timbits and patience

There is a scrap of paper that I’ve been keeping hidden in the zippered pocket of my purse for well over a year now.  On it is written the beginnings of a blog post that never got finished:

 

Every day I ask myself the same thing:

What am I going to do today to make it different?

Every day – literally every day – I promise to do better.  To not snack, to not drink.  Every morning, I remind myself that nothing tastes as good as thin feels.  I think of all my friends – most of whom used to be bigger than me – who are slim and fit and defying age, while I, simply, am not.

Every night I lie in bed and listen to my heart beat, quickly – too quickly, I think.  I imagine my blood pushing too hard through my veins, question the salt and fat that I have fed my body that day.  I think about my liver, processing alcohol almost every day, and I think abstractly about the absurdity of drink.

 

From time to time, I would look at that paper, often stumbling across it by accident while cleaning out my purse or looking for a postage stamp, but sometimes seeking it out deliberately to inflict some measure of torture and self-loathing, hoping that doing so might move me to action.  It never did.

And then, one day last winter, for reasons that will always be unclear to me, I started on this road completely independent of self-loathing and torture.

There are all kinds of arguments about the basic principle of “calories in-calories out” but I stand behind the fundamental theory.  Sure, there are some people for whom the “calories-out” side of the equation is more challenging;  those with hormonal imbalances, mobility restrictions or other medical problems, but in general, I think that losing weight is actually very simple.

Simple, but definitely not easy.

Temptation is everywhere.  Food has for centuries been the centrepiece of social and familial gatherings, but in the last 3 decades dietary globalization has offered us so many new and delicious options with which to fall in love.  Prosperity and/or credit cards give us nearly unlimited access to things that only a generation ago were kept for special, occasional treats.   The food industry has recognized the time limitations of dual-income and single-parent families, and has responded with easy, caloric foods ready to pop into the oven or boil in a bag.

It is no wonder we got fat, and it is no wonder it is so difficult to get thin again.

It takes dedication.  It takes control and a willingness to make difficult choices.   We all know it; we’ve heard it a hundred times, and maybe that’s why we give up.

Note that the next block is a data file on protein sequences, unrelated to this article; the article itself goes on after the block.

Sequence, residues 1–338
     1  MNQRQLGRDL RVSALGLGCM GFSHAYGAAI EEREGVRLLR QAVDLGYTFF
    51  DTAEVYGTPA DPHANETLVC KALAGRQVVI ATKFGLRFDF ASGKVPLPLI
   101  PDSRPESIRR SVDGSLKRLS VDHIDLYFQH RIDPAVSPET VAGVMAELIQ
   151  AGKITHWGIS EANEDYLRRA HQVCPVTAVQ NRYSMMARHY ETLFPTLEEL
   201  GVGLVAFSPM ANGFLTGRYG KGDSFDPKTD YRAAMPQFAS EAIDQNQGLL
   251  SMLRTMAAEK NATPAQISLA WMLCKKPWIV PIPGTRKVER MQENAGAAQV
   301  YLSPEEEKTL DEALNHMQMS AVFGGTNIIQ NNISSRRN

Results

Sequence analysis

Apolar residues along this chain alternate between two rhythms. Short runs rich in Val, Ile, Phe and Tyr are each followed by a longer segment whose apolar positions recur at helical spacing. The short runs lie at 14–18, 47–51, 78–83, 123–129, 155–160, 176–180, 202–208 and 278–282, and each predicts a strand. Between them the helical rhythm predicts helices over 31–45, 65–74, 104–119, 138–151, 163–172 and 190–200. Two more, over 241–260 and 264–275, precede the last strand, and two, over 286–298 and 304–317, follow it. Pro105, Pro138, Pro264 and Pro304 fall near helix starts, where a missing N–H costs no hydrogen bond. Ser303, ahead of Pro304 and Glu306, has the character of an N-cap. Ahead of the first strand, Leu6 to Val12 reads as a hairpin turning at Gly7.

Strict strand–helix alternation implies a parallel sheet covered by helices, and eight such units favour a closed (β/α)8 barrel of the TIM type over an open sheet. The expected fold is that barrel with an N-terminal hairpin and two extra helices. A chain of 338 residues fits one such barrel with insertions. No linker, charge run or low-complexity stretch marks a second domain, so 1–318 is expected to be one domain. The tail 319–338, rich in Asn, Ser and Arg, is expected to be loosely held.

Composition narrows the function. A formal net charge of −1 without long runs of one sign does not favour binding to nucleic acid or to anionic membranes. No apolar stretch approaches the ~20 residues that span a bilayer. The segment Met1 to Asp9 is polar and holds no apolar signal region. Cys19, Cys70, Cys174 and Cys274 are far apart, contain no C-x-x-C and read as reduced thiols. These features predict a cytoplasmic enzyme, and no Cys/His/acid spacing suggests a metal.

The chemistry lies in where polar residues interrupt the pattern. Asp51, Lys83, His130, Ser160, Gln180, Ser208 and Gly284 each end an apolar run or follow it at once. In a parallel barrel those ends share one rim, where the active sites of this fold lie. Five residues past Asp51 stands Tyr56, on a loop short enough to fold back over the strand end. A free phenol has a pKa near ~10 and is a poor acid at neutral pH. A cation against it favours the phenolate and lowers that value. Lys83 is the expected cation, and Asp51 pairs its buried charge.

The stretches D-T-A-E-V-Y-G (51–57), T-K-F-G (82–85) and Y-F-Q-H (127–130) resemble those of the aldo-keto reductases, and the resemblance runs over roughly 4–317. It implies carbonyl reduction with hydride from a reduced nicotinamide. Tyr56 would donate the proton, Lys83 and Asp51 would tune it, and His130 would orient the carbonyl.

Over the past seven months, I have learned some things more important, more valuable.  Secrets more closely guarded:

It takes patience.  The standard quip is that ‘you didn’t put it on overnight; don’t expect to take it off overnight’, and we smile and nod in dreamy agreement.  The truth is, most of us have a goal weight and a goal date in mind:  a high school reunion, a daughter’s wedding.  I did it myself a dozen times:  “If I lose 2 pounds a week, I’ll be down 10 pounds before we leave on vacation.”

The trouble is you don’t lose 2 pounds that first week and so now you have to lose a little more, and a little more quickly.  And then week two rolls by and you didn’t make it to the gym, or Sally brought timbits into the office (9 timbits equals one donut, right?)   And suddenly you only have 3 weeks left to lose those ten pounds and it becomes unmanageable and inconceivable so you just give the hell up for this year.

Patience means there is no end date.

Patience means that when you say you’re making a “lifestyle change” you really mean it.  ONE timbit here, a bike-ride with the kids there.  Every positive change is an increment towards a healthier life, and every fraction of a pound lost is better than gaining.

It takes forgiveness.  Forgiveness is different than surrender.  Forgiveness doesn’t mean that you give up and accept that you will always be fat.

Forgiveness means that when you make a mistake, you grant yourself the power to acknowledge it and then move on.

If one cookie turns into three turns into five, you stop.  You accept what happened and you start again.  Not tomorrow, not next Monday, but now.  If you talked yourself out of going for a walk yesterday, you allow yourself that, and then you put on your sneakers and get outside today.  Because forgiving a mistake and moving forward is better than standing still.

 

I went looking for that piece of paper today.  It is the first time I’ve read those words in seven months.  I was going to run it through the shredder, ridding myself of those feelings of defeat and worthlessness that I’d carried for so long.  But instead I think I will keep it.  Tuck it back into its private hiding place, as a reminder to me that I can succeed.  I can – and have – beaten a worthy adversary, but I know he is always preparing for a comeback and I want to be ready for him when he comes.

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2 Responses to timbits and patience

  1. Leia says:

    That was very inspriring. I’m right where you are – it’s a struggle. Thank you for sharing this.

  2. Isn’t it incredible how writing can bring us back to a time and a place or encourage us along a journey or remind us of a place we once were? Just today I read something I wrote a year ago; something about my dreams. It is crazy to watch how life has changed since then. Thank you for sharing this. It was lovely.

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